where the factor ¼ is due to the fact that the effective distance between the real and image charges is 2r, while r is the distance between the nanoparticle and the membrane surface. Furthermore, as previously shown, the effective surface charge and thus this attraction force can be further increased with an increase in the externally applied magnetic field. This magnetic field dependence of the charge can be found through an experimental measurement of Zeta potential, V(H), in a phosphate buffer solution (PBS) with a pH level similar to that in the blood, Q = V(H)d/k. Now, it is possible to estimate the cut-off distance between the nanoparticle and the membrane surface, rC, below which the electric field would be above the nanoelectroporation threshold on the order of 0.1 V/μm for the cancer cells: rC = 0.5(kQ/E)1/2. For example, it has been shown that application of a magnetic field on the order of 300 Oe could increase the cut-off distance by a factor of two. Such an increase would significantly increase the number of the nanoparticles capable of triggering local nanoelectroporation and consequently would significantly increase the specificity factor of targeted delivery. This concept of MEN-based targeting is illustrated in Figure 1. It could be noted that this overly simplified theory does not take into account the laminar flow in the circulation.
D. Drug release on demand
After the drug-loaded MENs enter the cancer cells, the drug can be released off the nanoparticles on demand via application of an a.c. external magnetic field. In this case, as previously shown, even a relatively small magnitude a.c. field (≲50 Oe) in the near-d.c. frequency ranging from 10 to over 100 Hz is sufficiently strong to release substantial amount of the drug into the cancer cells. It has been hypothesised that application of an a.c. field “shakes” the drug off the nanoparticles by significantly weakening the electric-field bond which holds the two together, as illustrated in Fig. 2. According to the trivial model, the electric dipole moment induced by an external magnetic field due to the ME effect is ΔP = αH; therefore, the displaced surface charge density on the diametrically opposite side of the nanoparticle would be σME ∼ ±αH. In other words, the magnetically triggered electric dipole moment breaks the symmetry of ionic bonds around the nanoparticle. To a zeroth approximation, when the displaced surface charge is comparable to the charge involved in an original bond, σME ∼ Qionic/πd2, the bond can be broken. Then, the threshold magnetic field amplitude to break a bond can be evaluated according to this simple expression:
where d is the diameter of the nanoparticle, α is the ME coefficient, and Qionic is the displaced charge in the ionic bond. Application of an a.c. field would break the bonds in all the orientations around the nanoparticle.
Here, it is worth reminding that it is imperative to release the drug off MENs to increase the drug bioactivity only after the drug-loaded MENs penetrate the cancer cells.76 In other words, MENs enable a drug retention control via application of external magnetic fields; the initial step of high-specificity cellular penetration and the final step of drug release off MENs are triggered via application of d.c. and a.c. fields, respectively.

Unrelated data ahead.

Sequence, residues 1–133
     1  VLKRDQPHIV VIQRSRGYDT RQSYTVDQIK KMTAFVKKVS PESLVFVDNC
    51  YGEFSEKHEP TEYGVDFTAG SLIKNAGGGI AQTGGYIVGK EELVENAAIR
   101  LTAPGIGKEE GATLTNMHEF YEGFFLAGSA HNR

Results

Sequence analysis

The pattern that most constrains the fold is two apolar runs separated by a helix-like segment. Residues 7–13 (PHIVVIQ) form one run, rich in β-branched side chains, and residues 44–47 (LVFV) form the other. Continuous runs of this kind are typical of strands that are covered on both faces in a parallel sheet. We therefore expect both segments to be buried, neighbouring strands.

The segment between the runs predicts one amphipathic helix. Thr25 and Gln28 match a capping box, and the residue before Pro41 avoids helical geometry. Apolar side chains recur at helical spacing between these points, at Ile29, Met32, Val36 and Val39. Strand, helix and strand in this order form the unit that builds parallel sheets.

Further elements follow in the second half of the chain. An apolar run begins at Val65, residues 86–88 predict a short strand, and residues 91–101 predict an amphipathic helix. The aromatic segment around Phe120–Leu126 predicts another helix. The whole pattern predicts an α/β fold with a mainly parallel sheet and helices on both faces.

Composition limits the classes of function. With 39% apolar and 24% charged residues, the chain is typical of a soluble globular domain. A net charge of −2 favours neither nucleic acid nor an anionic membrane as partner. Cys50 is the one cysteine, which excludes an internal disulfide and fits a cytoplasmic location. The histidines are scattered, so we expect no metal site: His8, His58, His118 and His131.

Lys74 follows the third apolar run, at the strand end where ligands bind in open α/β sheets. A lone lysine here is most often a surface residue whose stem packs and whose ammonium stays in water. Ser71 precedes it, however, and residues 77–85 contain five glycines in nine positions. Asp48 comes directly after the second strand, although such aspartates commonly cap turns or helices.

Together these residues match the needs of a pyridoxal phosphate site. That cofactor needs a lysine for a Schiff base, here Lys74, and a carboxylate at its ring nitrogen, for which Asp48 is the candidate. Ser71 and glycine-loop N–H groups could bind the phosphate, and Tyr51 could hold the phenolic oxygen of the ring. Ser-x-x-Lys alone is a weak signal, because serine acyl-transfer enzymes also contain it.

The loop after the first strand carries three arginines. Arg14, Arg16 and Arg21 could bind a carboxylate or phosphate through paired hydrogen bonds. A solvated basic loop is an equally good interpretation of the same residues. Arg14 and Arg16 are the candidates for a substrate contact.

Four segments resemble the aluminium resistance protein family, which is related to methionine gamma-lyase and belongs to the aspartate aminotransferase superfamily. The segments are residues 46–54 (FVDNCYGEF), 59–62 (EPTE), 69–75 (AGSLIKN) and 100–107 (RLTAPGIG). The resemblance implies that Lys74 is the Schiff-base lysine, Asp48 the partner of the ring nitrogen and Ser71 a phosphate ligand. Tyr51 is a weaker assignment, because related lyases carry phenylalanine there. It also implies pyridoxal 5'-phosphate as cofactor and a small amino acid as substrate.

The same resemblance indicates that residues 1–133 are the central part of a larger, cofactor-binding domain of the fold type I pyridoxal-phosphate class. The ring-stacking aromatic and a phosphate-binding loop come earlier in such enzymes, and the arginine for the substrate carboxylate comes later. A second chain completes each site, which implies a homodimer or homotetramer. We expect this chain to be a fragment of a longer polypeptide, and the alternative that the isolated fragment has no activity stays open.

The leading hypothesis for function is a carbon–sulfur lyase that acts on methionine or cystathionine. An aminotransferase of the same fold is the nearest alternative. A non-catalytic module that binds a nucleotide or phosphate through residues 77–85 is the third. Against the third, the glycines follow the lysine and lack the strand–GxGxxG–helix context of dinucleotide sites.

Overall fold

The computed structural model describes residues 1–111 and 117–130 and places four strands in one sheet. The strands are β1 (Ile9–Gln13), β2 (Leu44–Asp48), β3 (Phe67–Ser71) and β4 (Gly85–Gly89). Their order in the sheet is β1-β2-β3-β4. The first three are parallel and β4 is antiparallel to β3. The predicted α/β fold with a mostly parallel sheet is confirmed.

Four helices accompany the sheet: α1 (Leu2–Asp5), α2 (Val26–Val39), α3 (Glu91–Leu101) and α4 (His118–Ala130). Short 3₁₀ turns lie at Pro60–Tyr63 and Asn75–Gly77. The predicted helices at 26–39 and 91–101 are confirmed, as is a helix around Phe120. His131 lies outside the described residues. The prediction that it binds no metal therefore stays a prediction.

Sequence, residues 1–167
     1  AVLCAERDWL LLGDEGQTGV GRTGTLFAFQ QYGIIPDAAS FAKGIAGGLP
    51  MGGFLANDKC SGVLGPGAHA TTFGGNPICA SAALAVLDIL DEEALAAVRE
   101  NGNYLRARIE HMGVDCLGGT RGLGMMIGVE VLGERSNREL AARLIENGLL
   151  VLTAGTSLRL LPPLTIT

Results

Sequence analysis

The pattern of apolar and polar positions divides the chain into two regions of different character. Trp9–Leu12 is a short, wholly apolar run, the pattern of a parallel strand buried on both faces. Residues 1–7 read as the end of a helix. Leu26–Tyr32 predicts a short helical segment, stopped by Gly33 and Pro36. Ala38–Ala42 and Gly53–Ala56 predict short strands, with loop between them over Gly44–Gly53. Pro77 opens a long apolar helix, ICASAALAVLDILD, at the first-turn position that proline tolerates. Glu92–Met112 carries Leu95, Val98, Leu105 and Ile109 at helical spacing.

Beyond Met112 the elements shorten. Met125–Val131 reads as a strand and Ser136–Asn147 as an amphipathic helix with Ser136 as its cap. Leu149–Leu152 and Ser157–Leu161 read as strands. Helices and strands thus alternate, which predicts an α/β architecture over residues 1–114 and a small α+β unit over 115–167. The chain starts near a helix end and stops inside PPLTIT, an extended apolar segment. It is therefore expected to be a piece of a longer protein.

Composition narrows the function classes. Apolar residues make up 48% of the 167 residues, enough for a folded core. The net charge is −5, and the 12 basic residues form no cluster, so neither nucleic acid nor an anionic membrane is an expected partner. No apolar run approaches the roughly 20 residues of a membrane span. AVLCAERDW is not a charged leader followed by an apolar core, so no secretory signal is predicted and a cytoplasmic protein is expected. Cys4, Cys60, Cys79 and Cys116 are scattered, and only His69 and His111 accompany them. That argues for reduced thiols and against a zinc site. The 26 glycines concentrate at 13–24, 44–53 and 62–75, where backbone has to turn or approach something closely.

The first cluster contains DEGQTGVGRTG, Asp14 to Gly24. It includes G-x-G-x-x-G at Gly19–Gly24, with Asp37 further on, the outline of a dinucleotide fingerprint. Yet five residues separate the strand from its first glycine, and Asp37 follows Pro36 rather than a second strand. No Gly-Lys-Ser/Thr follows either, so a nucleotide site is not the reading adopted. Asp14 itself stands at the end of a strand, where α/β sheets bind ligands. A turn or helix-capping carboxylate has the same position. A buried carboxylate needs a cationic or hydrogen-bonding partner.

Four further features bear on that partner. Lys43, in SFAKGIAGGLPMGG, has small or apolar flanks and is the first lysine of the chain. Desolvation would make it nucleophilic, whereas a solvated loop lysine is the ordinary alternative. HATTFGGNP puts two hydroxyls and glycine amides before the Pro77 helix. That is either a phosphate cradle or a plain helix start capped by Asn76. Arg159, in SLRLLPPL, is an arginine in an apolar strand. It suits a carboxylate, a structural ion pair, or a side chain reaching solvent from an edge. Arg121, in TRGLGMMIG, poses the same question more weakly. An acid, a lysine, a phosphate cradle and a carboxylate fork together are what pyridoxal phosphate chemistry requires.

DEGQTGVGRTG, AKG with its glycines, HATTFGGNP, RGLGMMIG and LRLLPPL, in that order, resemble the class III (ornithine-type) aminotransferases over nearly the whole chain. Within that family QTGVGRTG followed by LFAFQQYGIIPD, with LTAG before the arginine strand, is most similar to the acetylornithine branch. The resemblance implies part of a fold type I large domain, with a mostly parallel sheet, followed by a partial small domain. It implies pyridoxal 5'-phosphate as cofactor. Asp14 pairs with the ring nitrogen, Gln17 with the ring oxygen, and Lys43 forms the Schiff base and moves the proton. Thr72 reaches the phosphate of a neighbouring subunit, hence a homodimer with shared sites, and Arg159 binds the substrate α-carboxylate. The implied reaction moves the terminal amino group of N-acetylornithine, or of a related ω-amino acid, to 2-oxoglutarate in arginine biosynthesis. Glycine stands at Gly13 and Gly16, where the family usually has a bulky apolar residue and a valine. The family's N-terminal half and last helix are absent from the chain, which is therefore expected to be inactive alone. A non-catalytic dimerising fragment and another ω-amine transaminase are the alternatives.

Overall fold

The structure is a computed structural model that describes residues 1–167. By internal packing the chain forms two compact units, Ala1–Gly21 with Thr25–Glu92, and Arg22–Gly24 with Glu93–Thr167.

In summary, the above described three-step field-controlled process for targeted drug delivery and release, respectively, is illustrated in Fig. 3.
III. SUPPORTING EXPERIMENTS
A. Confocal microscopy study of high-specificity cellular penetration
The purpose of the first described in vitro experiment was to show how an external d.c. magnetic could be used to induce a penetration of drug-loaded MENs into cancer cells. A popular mitotic inhibitor paclitaxel (PTX) was used as the therapeutic load. In the described microscopy experiments, the PTX's fluorescent version known as Flutax-2 was imaged at 488 nm (green color). A multidrug resistant cancer cell line MES-SA/DX5 was used to test the field-induced penetration. For comparison, similar images were taken for two other cases with cells incubated under equivalent conditions without any drug and just with the drug, respectively. Microscopy images of the two control cases and the cells incubated with MENs without and with exposure to a d.c. field of 30 Oe for approximately 12 h are shown in Figs. 4(a)–4(d), respectively. The optically measured percentages of the drug uptake per mg of protein in the four cases were 0, less than 0.3%, less than 0.2%, and more than 6%, respectively. According to the procedures of the experiment, the green light could be seen only from the drug coming from inside the cells, because all the extracellular material was washed away. The experiment clearly showed a strong field dependence of the cellular uptake of the drug-loaded MENs. Indeed, the uptake of the drug increased from less than 0.2% to over 6%, i.e., by a factor of 30, after application of a relatively small d.c. field of 30 Oe.
Another experiment was conducted to demonstrate a high-specificity cellular uptake with MEN-based delivery on ovarian cancer and normal cell lines SKOV-3 and HOMEC, respectively. The optically measured drug uptake depending on the applied d.c. magnetic field for cancer and normal cells is shown in Fig. 5. Indeed, it could be observed that there was a significant field range, from ∼50 Oe to ∼500 Oe, when visibly large amount of the drug penetrated the cancer cells while barely any drug penetrated the normal cells. As mentioned earlier, the effect of nanoelectroporation could be further increased via application of a periodic sequence of magnetic field pulses to effectively prolong the membrane's intermediate dielectric breakdown state which leads to the nanoparticles' cellular uptake. Application of an a.c. magnetic field partially mimics this pulsed sequence effect.53 Indeed, this a.c. field dependence was demonstrated in the same experimental study.